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Autism at Work: Breaking Barriers to Independence

Autism at Work

April 1, 2022

Your first paycheck … do you remember that moment? I was 16 and had just finished my first two weeks at Nevada Parks and Recreation where I had put in 20 hours making minimum wage. The check wasn’t much but it was more than I had ever earned before, and I remember what I felt — a sense of independence — I earned that money, and I could decide how to use it. That first paycheck gave me choices I didn’t previously have, and it was the best feeling. Fast forward to the first time one of my clients at Easterseals received their first check and I’m telling you; their reaction is something I will never ever forget. While we both felt joy, the barriers that my clients must get through to earn that first paycheck are things I cannot even imagine. Individuals with disabilities are often told they can’t or shouldn’t work, that they can’t learn the skills they need to be successful, or they don’t “need” to work. Many have to overcome barriers in their own families before they can even start to think about finding a job.

According to the Department of Labor, we continue to see a trend of individuals with disabilities being unemployed or underemployed. The unemployment rate is two times higher for those with disabilities — 9.7% vs. 4% for their typically developing peers. Considering the innumerable benefits of employing persons with disabilities and the current workforce shortage, this just doesn’t add up. I’m often asked, “Why should I hire people with disabilities?” My answer is simple … why wouldn’t you?

Raising Awareness in April

April marks World Autism Awareness Month, a great opportunity for us as a Greater Des Moines (DSM) community to think about how each of us can affect change by hiring candidates with diverse abilities. This is a hugely untapped labor market. Hiring persons living on the Autism spectrum can help strengthen your company culture, help you to connect with the diversity of your team and help you connect and be more relatable to the individuals who might consume your goods and services.

At Easterseals, we’ve had the incredible pleasure of working with Sam Wallendal, supporting him with his career goals. Sam started as a part-time employee at John Deere Financial, working on administrative tasks. His supervisor was so impressed with his accuracy and efficiency that she continued to give him more responsibilities, eventually offering him a full-time position. Sam is non-verbal and on the autism spectrum, he uses a communication device to converse with his colleagues and working independently brings him a great deal of joy! I hope you take a moment and listen to all of Sam’s Story — he’s a remarkable person and one of many individuals with autism who is having great success in the workforce.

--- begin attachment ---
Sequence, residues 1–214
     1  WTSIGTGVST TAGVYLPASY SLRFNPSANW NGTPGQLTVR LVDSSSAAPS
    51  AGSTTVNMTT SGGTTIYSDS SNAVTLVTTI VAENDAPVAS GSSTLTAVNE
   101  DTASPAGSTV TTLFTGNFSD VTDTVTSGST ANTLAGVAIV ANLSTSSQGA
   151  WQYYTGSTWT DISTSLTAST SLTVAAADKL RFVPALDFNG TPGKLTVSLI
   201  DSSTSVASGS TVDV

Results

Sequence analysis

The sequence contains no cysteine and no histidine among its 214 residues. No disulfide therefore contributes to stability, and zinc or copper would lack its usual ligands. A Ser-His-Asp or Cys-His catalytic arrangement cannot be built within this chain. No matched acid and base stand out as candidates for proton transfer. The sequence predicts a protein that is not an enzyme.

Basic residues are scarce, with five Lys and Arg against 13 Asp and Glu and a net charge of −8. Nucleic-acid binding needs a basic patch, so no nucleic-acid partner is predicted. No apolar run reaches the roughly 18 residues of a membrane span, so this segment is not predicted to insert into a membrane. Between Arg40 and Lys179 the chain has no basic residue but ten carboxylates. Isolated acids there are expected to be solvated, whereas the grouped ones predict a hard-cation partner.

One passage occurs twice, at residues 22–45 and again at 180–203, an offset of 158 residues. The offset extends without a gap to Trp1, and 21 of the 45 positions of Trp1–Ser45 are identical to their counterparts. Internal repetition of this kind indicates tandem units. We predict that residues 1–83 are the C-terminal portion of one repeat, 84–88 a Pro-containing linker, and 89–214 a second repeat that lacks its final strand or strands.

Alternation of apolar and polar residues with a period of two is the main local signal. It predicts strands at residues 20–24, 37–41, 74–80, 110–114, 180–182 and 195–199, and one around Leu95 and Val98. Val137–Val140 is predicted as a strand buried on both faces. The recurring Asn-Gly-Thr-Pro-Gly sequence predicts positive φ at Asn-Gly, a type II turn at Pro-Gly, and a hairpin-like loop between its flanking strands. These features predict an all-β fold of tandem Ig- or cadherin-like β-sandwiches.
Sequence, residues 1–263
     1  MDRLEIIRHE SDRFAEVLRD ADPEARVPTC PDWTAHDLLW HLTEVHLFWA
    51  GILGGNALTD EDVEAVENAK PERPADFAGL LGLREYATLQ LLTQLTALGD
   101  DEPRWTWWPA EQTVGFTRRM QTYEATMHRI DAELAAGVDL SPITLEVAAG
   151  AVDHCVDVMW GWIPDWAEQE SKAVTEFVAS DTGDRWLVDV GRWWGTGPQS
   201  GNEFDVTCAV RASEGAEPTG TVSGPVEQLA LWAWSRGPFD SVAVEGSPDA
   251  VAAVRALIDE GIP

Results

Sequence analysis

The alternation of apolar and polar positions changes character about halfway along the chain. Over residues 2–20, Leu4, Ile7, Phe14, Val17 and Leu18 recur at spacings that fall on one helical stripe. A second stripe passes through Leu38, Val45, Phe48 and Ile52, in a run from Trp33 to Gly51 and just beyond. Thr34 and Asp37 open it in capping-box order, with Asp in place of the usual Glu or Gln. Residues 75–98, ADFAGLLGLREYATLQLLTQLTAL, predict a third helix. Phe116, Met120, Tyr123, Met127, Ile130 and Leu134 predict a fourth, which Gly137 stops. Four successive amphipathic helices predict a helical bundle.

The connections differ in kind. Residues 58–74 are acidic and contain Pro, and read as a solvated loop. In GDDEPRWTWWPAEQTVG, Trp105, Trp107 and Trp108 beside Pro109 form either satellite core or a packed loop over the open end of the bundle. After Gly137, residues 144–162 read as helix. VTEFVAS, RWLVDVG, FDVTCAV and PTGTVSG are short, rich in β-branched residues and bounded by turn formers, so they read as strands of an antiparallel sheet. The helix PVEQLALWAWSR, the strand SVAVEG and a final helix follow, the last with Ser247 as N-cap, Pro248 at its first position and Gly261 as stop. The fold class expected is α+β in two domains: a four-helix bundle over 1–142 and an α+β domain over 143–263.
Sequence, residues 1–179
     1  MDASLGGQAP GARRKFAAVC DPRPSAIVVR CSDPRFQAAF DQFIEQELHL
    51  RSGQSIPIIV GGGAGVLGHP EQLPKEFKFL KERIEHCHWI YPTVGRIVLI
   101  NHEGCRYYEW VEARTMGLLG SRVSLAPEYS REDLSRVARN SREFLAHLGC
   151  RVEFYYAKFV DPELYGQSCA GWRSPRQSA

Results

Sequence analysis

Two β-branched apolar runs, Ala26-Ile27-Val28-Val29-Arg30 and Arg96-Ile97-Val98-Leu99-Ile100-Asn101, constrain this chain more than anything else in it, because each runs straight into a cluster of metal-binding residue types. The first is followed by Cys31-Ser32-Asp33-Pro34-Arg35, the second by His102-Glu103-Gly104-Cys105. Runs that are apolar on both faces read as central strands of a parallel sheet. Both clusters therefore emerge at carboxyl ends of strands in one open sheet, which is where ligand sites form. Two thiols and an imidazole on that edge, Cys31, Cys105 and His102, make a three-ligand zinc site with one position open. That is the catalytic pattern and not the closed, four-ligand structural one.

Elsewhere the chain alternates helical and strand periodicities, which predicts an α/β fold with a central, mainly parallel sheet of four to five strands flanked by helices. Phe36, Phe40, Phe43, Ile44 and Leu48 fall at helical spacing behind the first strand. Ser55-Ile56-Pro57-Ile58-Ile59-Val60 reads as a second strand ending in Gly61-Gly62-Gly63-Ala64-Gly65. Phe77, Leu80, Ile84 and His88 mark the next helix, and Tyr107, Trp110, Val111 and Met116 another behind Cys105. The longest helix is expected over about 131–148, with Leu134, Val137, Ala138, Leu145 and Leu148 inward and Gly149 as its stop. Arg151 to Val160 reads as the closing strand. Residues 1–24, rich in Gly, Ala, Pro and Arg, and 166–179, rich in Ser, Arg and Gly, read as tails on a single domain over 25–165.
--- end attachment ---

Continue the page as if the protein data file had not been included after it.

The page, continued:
This April, I challenge you to find your Sam! Don’t be afraid to invest a little in some assistive technology or additional supports for a new team member with Autism, the benefits your company and other team members will get in return are immeasurable. To learn more about diversifying your workforce and creating an inclusive environment for persons with disabilities, check out this great article from SHRM about the many benefits of employing persons with Autism. If you’re ready to start hiring, reach out to me at Easterseals so we can help you find a great match!

I’ll leave you with one final thought to carry with you through this Autism Awareness Month, a wonderful quote from an anonymous author, “Forget about the things they can’t do and focus on what they can. Everyone is much more than a diagnosis written on paper.”

Greater Des Moines (DSM) welcomes diverse talent to the region. As one of the fastest growing business communities, inclusion and attracting diverse talent in the workplace is a key strategy of the Greater Des Moines Partnership. Learn more here.

Mindy Burr

Mindy Burr is the director of vocational services at Easterseals Iowa. Mindy started with Easterseals in 2001 and found her passion - supporting individuals with disabilities to find and maintain meaningful employment in our community. Mindy has held several leadership positions and is a graduate of UNI.